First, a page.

Son of Aristocles, of Lampsacus, rhetor; pupil of Diogenes the Cynic and the grammarian Zoilus of Amphipolis, who abused Homer; teacher of Alexander of Macedon, and accompanied him on his campaigns.
When king Alexander was angry with the people of Lampsacus, this man got round him by the following trick. The people of Lampsacus were pro-Persian; Alexander was furiously angry, and threatened to do them massive harm. They, trying to save their women, their children and their homeland, sent Anaximenes to intercede. Alexander knew why he had come, and swore by the gods that he would do the opposite of what he asked; so Anaximenes said, 'Please do this for me, your majesty: enslave the women and children of Lampsacus, burn their temples, and raze the city to the ground.' Alexander had no way round this clever trick, and because he was bound by his oath he reluctantly pardoned the people of Lampsacus. Anaximenes also retaliated against Theopompus, son of Damostratus, in an ingenious though malicious way. Since he was a sophist and could imitate the style of the sophists, he wrote a book addressed to the Athenians and Spartans, a defamatory treatise, exactly imitating him. He attached Theopompus' name to it, and sent it to the cities. As a result, hostility to Theopompus was increased throughout Greece. Moreover, no one before Anaximenes had invented improvised speeches.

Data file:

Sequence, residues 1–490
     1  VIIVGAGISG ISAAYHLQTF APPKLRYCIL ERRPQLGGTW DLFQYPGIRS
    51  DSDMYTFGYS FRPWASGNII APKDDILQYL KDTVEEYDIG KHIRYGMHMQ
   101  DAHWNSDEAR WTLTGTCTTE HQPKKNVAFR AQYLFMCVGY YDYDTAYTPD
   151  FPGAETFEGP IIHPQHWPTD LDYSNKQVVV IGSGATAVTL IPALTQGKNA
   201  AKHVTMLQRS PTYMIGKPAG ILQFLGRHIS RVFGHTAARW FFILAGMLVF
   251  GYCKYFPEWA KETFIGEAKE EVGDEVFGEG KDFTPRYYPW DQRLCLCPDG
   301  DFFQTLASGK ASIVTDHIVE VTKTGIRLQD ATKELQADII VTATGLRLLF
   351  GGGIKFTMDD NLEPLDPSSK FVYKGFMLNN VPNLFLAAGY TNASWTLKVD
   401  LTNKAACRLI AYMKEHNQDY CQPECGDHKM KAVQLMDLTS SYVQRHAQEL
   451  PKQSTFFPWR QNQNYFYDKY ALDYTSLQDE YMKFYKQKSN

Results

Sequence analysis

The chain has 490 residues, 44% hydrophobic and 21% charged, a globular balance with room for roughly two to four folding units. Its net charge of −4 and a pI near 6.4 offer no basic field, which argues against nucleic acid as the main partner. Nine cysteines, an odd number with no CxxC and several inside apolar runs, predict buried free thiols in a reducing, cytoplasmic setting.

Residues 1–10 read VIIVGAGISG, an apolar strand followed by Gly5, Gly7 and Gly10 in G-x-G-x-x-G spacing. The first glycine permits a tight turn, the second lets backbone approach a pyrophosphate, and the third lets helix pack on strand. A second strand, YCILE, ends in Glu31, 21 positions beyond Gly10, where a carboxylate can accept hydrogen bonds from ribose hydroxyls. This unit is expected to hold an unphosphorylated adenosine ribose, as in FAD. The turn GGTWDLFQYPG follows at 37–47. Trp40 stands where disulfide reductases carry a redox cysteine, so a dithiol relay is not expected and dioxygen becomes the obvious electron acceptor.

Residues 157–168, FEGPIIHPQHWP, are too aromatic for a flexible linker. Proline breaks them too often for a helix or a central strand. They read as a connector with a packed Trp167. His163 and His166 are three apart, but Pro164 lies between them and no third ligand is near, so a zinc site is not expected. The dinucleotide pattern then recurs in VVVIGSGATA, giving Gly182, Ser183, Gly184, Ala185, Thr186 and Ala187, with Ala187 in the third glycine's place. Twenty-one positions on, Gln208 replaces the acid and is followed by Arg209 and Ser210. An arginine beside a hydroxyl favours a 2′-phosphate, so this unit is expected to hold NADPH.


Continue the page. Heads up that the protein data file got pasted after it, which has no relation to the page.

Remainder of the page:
Source: “Anaximenes.” Suda On Line. Tr. Malcolm Heath. 27 January 2000. 2 March 2014. <http://www.stoa.org/sol-entries/alpha/1989>.
57. On coming to Myndus and finding the gates large, though the city itself was very small, he cried, “Men of Myndus, bar your gates, lest the city should run away.” Seeing a man who had been caught stealing purple, he said:
Fast gripped by purple death and forceful fate.
When Craterus wanted him to come and visit him, “No,” he replied, “I would rather live on a few grains of salt at Athens than enjoy sumptuous fare at Craterus's table.” He went up to Anaximenes the rhetorician, who was fat, and said, “Let us beggars have something of your paunch; it will be a relief to you, and we shall get advantage.” And when the same man was discoursing, Diogenes distracted his audience by producing some salt fish. This annoyed the lecturer, and Diogenes said, “An obol's worth of salt fish has broken up Anaximenes' lecture-class.”
Source: The Lives and Opinions of Eminent Philosophers, by Diogenes Laertius, Literally translated by C.D. Yonge. London: Henry G. Bohn, 1853 | Life of Anacharsis only, Lives of the Eminent Philosophers by Diogenes Laërtius, translated by Robert Drew Hicks, Wikisource